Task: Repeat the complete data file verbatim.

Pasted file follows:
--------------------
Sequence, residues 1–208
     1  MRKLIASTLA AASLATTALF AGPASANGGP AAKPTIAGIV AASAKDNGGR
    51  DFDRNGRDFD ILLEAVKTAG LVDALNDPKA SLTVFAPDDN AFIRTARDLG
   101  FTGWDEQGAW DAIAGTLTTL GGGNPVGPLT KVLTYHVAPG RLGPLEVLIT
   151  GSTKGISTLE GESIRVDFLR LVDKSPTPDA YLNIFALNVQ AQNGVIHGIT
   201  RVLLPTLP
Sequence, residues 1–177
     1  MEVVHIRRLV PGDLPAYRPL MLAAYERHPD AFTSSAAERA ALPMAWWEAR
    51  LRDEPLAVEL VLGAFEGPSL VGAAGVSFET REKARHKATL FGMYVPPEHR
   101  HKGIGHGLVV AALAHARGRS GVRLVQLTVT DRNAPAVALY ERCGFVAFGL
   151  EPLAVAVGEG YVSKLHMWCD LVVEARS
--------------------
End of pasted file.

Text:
Sequence, residues 1–208
     1  MRKLIASTLA AASLATTALF AGPASANGGP AAKPTIAGIV AASAKDNGGR
    51  DFDRNGRDFD ILLEAVKTAG LVDALNDPKA SLTVFAPDDN AFIRTARDLG
   101  FTGWDEQGAW DAIAGTLTTL GGGNPVGPLT KVLTYHVAPG RLGPLEVLIT
   151  GSTKGISTLE GESIRVDFLR LVDKSPTPDA YLNIFALNVQ AQNGVIHGIT
   201  RVLLPTLP
Sequence, residues 1–177
     1  MEVVHIRRLV PGDLPAYRPL MLAAYERHPD AFTSSAAERA ALPMAWWEAR
    51  LRDEPLAVEL VLGAFEGPSL VGAAGVSFET REKARHKATL FGMYVPPEHR
   101  HKGIGHGLVV AALAHARGRS GVRLVQLTVT DRNAPAVALY ERCGFVAFGL
   151  EPLAVAVGEG YVSKLHMWCD LVVEARS